Employment patterns in males before and after myocardial revascularization surgery. A study of 2229 consecutive male patients followed for as long as 10 years.
Loss of productivity is a major concern among patients with heart disease. To assess the effect of surgery on this factor, we surveyed every living male patient of the surgeon authors operated on from January 1968 through March 1978 (96% follow-up) and compared their pre- and postoperative work status with the U.S. population as reported by the U.S. Bureau of Labor Statistics (USBLS). Comparisons were made on an age-for-age basis and adjustments were made for changes in national employment patterns from 1968-1978. Preoperatively, our younger patients had a 10% lower employment rate than the U.S. male population at large according to the USBLS. Postoperatively, many returned to work, but an equal number who worked preoperatively did not postoperatively. The ability to work full time with little or no limitation increased 20% after operation. The main reason for not working was physical disability, with doctor's advice a distance second. Older patients showed a trend of accelerated retirement after surgery. A few returned to work, but many more retired. The ability to work full-time without limitation increased 4%. Thirty percent of all older subjects cited a desire to relax as their main reason for not working. Compared with the early years of surgery, patients in later years were older and did not show as much preoperative disability. There was some evidence of a deterioration of the effects of surgery. Patients with severely impaired left ventricular function fared worse both pre- and postoperatively, but the improvement was the same as for patients with normal or moderately impaired left ventricular function.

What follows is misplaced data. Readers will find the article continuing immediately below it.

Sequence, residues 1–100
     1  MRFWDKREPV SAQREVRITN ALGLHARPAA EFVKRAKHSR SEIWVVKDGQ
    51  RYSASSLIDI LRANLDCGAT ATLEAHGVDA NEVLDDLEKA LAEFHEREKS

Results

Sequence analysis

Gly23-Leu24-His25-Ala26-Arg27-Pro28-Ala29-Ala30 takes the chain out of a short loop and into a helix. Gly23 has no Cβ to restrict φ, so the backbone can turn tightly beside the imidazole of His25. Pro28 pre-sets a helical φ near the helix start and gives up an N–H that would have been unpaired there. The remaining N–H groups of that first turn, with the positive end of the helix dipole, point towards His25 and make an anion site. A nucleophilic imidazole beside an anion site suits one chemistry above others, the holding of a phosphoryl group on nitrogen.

- Copyright © 1982 by American Heart Association